Renting out your property to pay for your care 

If you are moving in to a care home, and you own your own property, a way to generate more income may be to rent out your house.

At UK Care Guide we understand that often the financial prospect of care can be daunting and difficult. That’s why we’ve compiled comprehensive articles on each method of paying for care to help you to make a sound decision.

This page is all about renting out your property to pay for care. In this article, we’ll explain how you can generate income from the rental of your property in order to pay for residential care.

How does renting out a property to pay for care work?

If you are moving into a care home and you own your property, one way to generate more income may by renting property to pay for care home fees. By letting out your own home, you can use this income and put it towards your care home costs. If you are putting your parent into care, renting parent’s house to pay for care may also be an option.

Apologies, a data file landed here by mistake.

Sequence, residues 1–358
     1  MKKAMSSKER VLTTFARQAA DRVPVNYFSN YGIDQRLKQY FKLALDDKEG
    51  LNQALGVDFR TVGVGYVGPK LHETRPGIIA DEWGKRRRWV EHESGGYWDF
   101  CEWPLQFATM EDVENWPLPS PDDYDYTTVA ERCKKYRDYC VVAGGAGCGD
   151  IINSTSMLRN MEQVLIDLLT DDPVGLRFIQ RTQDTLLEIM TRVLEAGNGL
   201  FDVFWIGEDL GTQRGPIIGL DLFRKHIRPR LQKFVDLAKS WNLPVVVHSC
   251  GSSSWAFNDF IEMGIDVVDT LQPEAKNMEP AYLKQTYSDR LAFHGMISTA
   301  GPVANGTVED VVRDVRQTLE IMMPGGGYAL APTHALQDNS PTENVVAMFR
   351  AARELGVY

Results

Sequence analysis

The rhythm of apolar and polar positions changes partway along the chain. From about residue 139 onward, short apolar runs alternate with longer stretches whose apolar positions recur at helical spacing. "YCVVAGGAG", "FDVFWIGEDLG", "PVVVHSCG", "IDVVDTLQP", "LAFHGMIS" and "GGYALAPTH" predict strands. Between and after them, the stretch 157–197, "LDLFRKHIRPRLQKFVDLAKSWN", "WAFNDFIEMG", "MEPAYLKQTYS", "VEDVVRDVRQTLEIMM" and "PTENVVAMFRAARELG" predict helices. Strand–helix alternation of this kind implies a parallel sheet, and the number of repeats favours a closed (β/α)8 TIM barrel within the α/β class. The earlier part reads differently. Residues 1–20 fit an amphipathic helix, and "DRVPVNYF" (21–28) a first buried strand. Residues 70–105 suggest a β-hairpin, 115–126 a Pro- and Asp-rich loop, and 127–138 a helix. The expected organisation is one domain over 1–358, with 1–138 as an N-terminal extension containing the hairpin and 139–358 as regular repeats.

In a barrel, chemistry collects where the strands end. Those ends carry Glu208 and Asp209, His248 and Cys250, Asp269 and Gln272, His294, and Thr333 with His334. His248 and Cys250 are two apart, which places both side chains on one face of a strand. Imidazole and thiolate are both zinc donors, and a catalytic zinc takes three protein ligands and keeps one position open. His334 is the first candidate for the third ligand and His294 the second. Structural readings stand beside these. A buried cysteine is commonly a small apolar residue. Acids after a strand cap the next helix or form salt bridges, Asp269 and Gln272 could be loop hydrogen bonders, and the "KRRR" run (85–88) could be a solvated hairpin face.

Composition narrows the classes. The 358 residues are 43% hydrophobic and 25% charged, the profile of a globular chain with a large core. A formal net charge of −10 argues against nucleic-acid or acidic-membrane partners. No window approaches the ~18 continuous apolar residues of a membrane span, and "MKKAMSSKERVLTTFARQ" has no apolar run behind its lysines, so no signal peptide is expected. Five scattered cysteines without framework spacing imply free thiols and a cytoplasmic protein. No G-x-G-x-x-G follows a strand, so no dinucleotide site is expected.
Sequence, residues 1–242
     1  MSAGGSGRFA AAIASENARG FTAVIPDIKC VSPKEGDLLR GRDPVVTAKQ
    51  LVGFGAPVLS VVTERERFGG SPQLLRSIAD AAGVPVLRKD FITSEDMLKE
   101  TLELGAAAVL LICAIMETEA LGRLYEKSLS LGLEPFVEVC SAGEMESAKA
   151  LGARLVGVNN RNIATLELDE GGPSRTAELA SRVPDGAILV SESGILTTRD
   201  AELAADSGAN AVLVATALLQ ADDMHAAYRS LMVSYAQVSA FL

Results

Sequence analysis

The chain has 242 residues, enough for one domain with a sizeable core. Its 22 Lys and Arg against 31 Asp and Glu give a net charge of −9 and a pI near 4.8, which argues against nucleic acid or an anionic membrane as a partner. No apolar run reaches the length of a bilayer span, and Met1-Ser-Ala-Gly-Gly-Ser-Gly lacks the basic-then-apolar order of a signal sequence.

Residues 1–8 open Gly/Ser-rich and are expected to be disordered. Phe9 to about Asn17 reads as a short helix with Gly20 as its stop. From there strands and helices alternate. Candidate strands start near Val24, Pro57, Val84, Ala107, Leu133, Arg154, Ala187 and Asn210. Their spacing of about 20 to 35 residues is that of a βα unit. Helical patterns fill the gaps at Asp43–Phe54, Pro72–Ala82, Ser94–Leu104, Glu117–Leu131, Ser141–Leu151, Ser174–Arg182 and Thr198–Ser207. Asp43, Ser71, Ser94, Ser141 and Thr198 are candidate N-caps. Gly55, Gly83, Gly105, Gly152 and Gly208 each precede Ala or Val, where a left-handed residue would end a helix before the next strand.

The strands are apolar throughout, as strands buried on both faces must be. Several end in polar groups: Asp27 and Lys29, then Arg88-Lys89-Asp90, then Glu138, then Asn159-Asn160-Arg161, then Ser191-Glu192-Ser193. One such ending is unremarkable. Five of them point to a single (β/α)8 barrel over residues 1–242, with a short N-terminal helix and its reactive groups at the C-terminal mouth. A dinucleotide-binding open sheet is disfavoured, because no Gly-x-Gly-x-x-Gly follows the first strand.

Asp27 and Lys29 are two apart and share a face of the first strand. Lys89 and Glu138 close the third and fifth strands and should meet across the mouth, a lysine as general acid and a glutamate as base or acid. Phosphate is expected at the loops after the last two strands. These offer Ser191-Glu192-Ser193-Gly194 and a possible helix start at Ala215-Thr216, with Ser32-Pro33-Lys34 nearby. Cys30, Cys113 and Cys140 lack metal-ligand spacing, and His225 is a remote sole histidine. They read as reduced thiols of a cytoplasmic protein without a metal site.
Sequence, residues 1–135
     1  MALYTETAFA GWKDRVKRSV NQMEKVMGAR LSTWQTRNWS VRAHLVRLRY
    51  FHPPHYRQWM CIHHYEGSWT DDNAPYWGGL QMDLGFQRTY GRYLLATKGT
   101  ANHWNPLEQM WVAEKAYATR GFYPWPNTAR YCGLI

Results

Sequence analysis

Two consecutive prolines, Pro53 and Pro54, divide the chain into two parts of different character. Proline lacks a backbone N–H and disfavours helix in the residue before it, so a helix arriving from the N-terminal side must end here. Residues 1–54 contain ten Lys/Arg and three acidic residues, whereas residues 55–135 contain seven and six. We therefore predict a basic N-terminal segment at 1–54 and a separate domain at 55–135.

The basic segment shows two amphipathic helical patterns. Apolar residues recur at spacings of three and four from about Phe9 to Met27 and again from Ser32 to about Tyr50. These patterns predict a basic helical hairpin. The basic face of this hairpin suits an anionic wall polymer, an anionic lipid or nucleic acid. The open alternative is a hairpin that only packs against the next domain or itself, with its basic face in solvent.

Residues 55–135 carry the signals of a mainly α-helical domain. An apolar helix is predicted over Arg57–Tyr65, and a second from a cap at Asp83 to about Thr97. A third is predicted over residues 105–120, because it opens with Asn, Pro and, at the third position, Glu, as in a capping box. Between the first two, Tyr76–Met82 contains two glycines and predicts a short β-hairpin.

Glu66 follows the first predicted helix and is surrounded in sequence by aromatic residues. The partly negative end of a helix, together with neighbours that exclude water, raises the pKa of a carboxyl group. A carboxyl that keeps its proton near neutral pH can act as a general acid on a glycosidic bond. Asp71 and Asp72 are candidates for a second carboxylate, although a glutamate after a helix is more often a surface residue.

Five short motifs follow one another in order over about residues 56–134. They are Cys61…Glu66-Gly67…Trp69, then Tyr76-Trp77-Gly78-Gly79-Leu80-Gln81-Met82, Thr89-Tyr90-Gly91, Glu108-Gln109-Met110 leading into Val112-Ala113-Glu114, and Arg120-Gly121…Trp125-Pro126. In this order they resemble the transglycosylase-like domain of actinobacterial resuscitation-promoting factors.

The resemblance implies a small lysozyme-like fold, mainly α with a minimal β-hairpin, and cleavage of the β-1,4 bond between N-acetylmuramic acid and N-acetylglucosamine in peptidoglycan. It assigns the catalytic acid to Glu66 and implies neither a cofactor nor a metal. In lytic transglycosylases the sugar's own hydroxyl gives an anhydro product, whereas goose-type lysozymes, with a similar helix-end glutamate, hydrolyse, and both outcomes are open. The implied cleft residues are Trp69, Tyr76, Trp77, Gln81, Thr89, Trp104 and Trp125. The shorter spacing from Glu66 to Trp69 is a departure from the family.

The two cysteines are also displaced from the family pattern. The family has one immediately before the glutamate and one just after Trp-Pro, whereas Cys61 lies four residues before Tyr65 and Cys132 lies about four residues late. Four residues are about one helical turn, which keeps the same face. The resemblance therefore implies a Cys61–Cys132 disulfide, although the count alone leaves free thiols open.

In some cases, you may be able to completely cover the cost of your care through property rental – or you may need to subsidise the rent money with funds from a savings account, pension or another source.

What are the benefits?

The key benefit attached to renting a property is that you continue to own your own home, which is something you and your family may be keen on. In addition, you may not want to sell your home to pay for your costs if you do not think you can achieve its full market value.

Therefore, you can rent it out until you feel it is right to sell. This flexible approach enables you to keep a couple of options open, and also to generate more income should the projected cost of your care be greater than the current value of your property  Renting instead of selling keeps a revenue stream open indefinitely.

What are the alternatives to renting

Instead of having the responsibility of maintaining a property you could instead use equity release to unlock some of the money tied up in your house.

The money you get will be tax-free.  You can read more about equity release here.